However, the journey towards financial freedom, often, does not come as a classical textbook solution. For instance, a single mother may not invest in the same manner in which a single woman would. This is because being in your 20s gives you far more liberty to take risks, which may be a luxury if you are in your 40s. So, is there an age or a milestone in life to start investments or even considering some? No, the simple universal rule is ‘the earlier one starts, the better’. Building wealth is a matter of habit and following uncomplicated rules regarding creating, saving and investing finances.
Though we have more females than men graduating from high school and colleges, but not many of them earn degrees in engineering, computer sciences and other higher-paying fields.
What can be done to encourage women to try their hands in science related courses?
In order to encourage women to study more science related courses, we simply have to tell younger girls that they can. I studied engineering as a woman, and the Head of the Reservoir Engineering Department I worked at in Mobil Producing Nigeria was a woman as far back as 17 years ago; she was the only woman in a team of all men.
The stereotypes that engineers are men and not women are gradually breaking down, slowly but surely. From my experiences and observations, I think the best way to ensure equivalent participation of female and male students in science related degrees is to promote career discovery programmes for young female students that allow them to explore their potential, curiosity and passion for innovation. By creating different and interesting experiences for girls where they can explore technology in an interactive and insightful way – such as workshops in robotics, mechanics and coding – it is possible to give them practical knowledge and understanding of the impact that they can have being part of innovative projects.
Does the glass ceiling still exist for women? If so, do you think enough is being done to promote women in workplaces?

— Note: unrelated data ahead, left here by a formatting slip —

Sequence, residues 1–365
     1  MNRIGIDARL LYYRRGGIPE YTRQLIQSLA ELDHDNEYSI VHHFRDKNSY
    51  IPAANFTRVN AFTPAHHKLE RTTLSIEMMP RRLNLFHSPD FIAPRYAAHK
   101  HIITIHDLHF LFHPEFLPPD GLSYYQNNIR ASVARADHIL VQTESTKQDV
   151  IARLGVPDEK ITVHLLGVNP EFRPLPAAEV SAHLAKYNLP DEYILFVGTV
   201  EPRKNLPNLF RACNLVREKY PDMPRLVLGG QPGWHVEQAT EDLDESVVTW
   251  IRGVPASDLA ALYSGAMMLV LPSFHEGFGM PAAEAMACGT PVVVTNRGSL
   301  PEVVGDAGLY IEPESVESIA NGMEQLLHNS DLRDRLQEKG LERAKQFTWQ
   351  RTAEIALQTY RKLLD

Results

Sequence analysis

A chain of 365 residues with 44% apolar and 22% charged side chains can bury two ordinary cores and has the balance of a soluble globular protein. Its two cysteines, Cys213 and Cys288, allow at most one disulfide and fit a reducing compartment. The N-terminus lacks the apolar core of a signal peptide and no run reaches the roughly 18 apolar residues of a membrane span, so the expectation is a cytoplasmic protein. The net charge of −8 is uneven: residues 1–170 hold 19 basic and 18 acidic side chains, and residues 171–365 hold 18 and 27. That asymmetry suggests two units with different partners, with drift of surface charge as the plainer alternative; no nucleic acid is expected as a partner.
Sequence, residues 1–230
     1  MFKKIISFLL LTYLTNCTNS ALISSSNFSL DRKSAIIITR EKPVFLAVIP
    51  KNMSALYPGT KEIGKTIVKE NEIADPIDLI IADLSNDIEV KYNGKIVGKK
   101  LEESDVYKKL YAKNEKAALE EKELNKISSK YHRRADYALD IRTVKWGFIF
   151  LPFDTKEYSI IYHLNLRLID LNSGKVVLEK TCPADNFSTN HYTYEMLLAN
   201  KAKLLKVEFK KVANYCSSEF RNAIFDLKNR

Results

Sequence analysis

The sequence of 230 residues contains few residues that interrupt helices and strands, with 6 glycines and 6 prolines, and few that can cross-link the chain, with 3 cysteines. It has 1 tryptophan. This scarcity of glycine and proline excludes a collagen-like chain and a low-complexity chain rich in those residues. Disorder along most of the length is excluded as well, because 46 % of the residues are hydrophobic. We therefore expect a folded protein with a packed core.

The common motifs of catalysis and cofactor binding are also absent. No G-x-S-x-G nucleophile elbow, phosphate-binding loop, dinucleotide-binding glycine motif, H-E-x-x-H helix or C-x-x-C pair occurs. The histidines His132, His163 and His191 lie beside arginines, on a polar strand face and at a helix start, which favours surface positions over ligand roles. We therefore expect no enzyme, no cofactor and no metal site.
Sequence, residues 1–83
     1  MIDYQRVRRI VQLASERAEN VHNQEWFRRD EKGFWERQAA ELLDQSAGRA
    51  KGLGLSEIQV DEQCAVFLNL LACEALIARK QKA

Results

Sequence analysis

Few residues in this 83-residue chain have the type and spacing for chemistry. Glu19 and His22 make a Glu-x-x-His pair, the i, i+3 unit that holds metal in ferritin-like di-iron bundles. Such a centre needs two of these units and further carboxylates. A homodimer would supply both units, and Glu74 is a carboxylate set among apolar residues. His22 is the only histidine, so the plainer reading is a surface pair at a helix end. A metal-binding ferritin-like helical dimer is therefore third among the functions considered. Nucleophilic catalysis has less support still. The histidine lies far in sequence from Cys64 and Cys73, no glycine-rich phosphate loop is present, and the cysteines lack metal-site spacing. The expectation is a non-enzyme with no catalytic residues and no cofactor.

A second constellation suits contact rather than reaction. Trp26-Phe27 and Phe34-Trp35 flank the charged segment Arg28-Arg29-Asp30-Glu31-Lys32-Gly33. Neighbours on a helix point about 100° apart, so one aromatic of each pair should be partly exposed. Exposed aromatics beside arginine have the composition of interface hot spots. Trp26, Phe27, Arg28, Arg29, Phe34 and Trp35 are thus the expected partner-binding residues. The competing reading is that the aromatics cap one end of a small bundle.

I think it depends on the culture, but generally the glass ceiling is disappearing for women. There are so many competent women, who have risen to the top of their professions in management, business and politics. However, the more patriarchal the culture of the workplace, the more difficult it is for women to rise; this is a subset of the larger society. But in time, the glass ceiling will disappear because women are now more educated and much more resilient than at any other time in history.
Unfortunately, there are no guaranteed strategies that will help an individual break through the glass ceiling. Although there are certainly exceptions to every rule, by and large, women should expect that their climb to the top would be difficult. You may need to prove yourself twice as much as your male coworkers. Take on extra assignments, particularly those that are high profile. Make a point of bonding with the supervisor a level up from your own. Document all of your achievements and present them succinctly at each review.
How can corporate organisations, professional bodies and governments help improve the balance?
The gender imbalance can be improved by promoting intellectual equality. We know that men are physically stronger than women (usually) and we know women are more emotionally intelligent than men (usually), but over the last century, we have seen women excel as presidents, pilots, doctors and in every other intellectual role. Surely, by now, intellectual equality should be basic knowledge. The new UN’s Sustainable Development Goals (SDGs) hold real promise to embed advances in women’s rights, and include a specific goal for gender equality. This goal is more broad-based than the last gender goal and includes targets on ending gender-based violence, eliminating child marriage and female genital mutilation, and ensuring access to sexual and reproductive health. It also includes equal access to education, expanding women’s economic opportunities, and reducing the burdens of unpaid care work on women and girls. Now, it is up to all of us to hold governments accountable for their commitments and make sure the goals are met. Involving women – and funding the solutions of grass-roots women’s groups – will be critical to success.